BMGT353 Chapter 14

BMGT353 Chapter 14 - BMGT353 Chapter 14 Buying Merchandise...

Info iconThis preview shows pages 1–2. Sign up to view the full content.

View Full Document Right Arrow Icon
BMGT353 Chapter 14 Buying Merchandise BRAND ALTERNATIVES: National Brands / Manufacturer’s Brands: products designed, produced, and marketed by a vendor and sold to many different retailers Vendor is responsible for developing the merchandise, producing it with consistent quality, and undertaking a marketing program to establish an appealing brand image Options: o Vendors can use an umbrella or family brand for different product categories (ex: Kellogg’s Frosted Flakes) o Vendors can use individual brand names for different product categories and don’t associate the brand with their companies (ex: o Some retailers organize their buying activities around national brand vendors that cut across merchandise categories (ex: Estee Lauder makes Estee Lauder, Origins, Clinique, and Prescriptives) rather than for a product category such as skin care, eye makeup, etc. Private-Label Brands / Store Brands / House Brands / Own Brands: products developed by retailers Retailers develop the design for the product and then contract with manufacturers to produce those products Retailers can use their names to create a private label for merchandise in many different categories (ex: The Gap and Victoria’s Secret) Four categories of private brands: o Premium Brands: offer the consumer a private label that is comparable to, or even superior to, a manufacturer’s brand quality, sometimes with modest price savings (ex: Wal-Mart’s Sam’s Choice) o Generic Brands: target a price-sensitive segment by offering a no-frills product at a discount price o Copycat Brands: imitate the manufacturer’s brand in appearance and packaging, generally are perceived as lower quality, and are offered at lower prices (ex: CVS or Walgreen’s brands are placed next to manufacturer’s brands) o Exclusive Co-Brands: a brand that is developed by a national brand vendor, often in conjunction with a retailer, and is sold exclusively by the retailer (ex: when a national brand manufacturer assigns different model numbers and has different exterior features for the same basic product sold by different retailers) Makes it difficult for consumers to compare prices More sophisticated form- when a manufacturer develops an exclusive product or product category for a retailer NATIONAL BRANDS VS. PRIVATE LABELS National brands help retailers build their image and traffic flow and reduce their selling/promotional expenses Many customers have developed loyalty to specific national brands Customers know what to expect from national brand’s products Retailers need to spend less money selling and promoting national brands Retailers realize lower gross margins for national brands Competition is more intense for national brands Manufacturer’s brands limit a retailer’s flexibility The exclusivity of strong private label brands boost store loyalty Gross margins are higher for private label brands, but you have to make significant investments in designing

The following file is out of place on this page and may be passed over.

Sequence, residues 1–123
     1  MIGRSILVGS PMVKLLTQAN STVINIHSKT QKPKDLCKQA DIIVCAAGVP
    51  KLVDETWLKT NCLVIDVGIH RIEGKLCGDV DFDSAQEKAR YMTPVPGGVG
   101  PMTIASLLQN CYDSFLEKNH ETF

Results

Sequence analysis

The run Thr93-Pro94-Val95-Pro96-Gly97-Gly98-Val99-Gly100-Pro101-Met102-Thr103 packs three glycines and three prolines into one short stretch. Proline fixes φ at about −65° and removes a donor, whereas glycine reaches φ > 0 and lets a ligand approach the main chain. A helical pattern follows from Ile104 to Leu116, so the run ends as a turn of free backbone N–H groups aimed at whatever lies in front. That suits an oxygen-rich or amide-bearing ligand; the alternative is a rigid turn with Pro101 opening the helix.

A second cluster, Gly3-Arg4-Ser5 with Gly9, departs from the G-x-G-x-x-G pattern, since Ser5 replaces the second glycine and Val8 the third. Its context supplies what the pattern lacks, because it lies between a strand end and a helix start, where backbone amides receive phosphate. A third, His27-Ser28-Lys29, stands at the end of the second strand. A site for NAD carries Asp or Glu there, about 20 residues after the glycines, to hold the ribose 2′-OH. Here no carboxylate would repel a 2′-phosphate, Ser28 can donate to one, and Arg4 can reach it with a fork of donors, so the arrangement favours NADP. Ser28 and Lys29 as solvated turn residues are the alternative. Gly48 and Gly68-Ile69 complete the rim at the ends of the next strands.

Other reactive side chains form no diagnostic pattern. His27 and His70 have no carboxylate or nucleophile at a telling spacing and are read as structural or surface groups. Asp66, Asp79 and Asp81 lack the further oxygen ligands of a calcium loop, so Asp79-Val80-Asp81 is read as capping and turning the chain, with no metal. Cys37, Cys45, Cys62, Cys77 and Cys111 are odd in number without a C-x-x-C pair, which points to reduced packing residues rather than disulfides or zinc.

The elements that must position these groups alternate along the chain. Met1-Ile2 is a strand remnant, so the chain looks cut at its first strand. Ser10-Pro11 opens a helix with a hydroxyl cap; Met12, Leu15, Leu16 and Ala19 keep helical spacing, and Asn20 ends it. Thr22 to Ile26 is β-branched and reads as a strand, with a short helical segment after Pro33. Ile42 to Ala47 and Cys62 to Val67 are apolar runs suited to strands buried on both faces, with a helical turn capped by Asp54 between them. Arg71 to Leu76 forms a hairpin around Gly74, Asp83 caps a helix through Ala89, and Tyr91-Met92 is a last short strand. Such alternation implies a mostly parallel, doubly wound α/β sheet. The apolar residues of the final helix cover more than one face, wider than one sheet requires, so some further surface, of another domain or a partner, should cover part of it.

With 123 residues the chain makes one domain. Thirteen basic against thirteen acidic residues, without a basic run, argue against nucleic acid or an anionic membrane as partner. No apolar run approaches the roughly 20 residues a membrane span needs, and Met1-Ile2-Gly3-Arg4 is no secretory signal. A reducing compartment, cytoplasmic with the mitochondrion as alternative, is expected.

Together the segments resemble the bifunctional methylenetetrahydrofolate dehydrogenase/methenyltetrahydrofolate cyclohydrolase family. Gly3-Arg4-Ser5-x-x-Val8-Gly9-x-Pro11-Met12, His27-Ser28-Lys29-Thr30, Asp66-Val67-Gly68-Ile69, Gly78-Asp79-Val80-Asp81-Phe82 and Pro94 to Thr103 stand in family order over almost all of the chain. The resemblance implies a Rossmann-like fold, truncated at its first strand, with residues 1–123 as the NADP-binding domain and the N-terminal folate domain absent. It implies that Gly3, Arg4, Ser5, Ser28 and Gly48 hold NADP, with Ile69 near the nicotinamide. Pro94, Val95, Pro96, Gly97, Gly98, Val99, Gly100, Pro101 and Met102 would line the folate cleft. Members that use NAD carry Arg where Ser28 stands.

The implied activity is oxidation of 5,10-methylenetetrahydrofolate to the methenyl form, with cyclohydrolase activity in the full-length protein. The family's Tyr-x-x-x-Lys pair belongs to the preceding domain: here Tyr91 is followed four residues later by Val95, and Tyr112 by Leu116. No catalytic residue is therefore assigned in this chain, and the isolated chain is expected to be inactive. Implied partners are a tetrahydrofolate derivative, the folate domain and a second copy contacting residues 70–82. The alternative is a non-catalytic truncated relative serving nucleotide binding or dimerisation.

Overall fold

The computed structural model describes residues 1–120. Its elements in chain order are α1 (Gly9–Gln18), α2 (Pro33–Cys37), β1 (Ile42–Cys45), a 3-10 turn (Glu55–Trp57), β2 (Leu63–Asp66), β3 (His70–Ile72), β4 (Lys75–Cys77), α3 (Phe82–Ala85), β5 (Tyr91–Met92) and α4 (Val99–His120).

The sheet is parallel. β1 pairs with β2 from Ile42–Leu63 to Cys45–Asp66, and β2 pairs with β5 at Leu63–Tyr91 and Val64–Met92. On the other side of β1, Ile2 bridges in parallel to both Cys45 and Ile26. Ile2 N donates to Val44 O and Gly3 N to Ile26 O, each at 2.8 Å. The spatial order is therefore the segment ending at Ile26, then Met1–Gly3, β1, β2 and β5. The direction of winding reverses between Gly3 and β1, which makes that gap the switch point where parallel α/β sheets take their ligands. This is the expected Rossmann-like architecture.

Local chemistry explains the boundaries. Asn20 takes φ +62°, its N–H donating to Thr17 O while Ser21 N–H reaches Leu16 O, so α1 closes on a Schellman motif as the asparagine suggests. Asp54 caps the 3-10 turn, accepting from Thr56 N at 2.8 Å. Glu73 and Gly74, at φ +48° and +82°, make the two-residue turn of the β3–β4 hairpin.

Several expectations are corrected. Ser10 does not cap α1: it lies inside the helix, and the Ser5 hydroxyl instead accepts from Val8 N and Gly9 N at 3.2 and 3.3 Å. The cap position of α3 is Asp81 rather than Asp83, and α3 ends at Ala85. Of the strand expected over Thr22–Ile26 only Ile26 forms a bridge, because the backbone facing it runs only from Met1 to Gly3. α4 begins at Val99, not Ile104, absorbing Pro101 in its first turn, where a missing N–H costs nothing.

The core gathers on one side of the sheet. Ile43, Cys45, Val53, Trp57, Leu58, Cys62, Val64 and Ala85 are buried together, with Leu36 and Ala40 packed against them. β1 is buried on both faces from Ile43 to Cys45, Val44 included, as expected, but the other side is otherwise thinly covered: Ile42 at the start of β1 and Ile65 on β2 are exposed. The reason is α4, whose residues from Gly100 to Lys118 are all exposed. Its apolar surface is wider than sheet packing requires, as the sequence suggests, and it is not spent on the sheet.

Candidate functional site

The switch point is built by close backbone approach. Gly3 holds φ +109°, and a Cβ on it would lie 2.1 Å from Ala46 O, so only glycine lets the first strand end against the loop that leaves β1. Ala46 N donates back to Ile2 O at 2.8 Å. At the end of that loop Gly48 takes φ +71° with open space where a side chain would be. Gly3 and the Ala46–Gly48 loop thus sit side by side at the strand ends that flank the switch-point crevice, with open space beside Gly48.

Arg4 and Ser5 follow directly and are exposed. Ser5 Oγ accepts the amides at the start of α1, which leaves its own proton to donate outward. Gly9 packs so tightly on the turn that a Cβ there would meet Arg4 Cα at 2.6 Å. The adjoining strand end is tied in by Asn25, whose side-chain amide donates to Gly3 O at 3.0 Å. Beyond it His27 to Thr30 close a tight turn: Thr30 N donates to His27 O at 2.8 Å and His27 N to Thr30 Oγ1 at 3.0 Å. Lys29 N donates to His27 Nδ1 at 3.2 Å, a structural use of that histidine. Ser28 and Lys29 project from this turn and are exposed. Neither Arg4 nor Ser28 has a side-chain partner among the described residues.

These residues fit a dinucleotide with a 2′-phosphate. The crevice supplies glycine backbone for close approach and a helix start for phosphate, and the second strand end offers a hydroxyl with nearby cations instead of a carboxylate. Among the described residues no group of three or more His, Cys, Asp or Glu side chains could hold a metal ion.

Background image of page 1

Info iconThis preview has intentionally blurred sections. Sign up to view the full version.

View Full DocumentRight Arrow Icon
Image of page 2
This is the end of the preview. Sign up to access the rest of the document.

Page1 / 4

BMGT353 Chapter 14 - BMGT353 Chapter 14 Buying Merchandise...

This preview shows document pages 1 - 2. Sign up to view the full document.

View Full Document Right Arrow Icon
Ask a homework question - tutors are online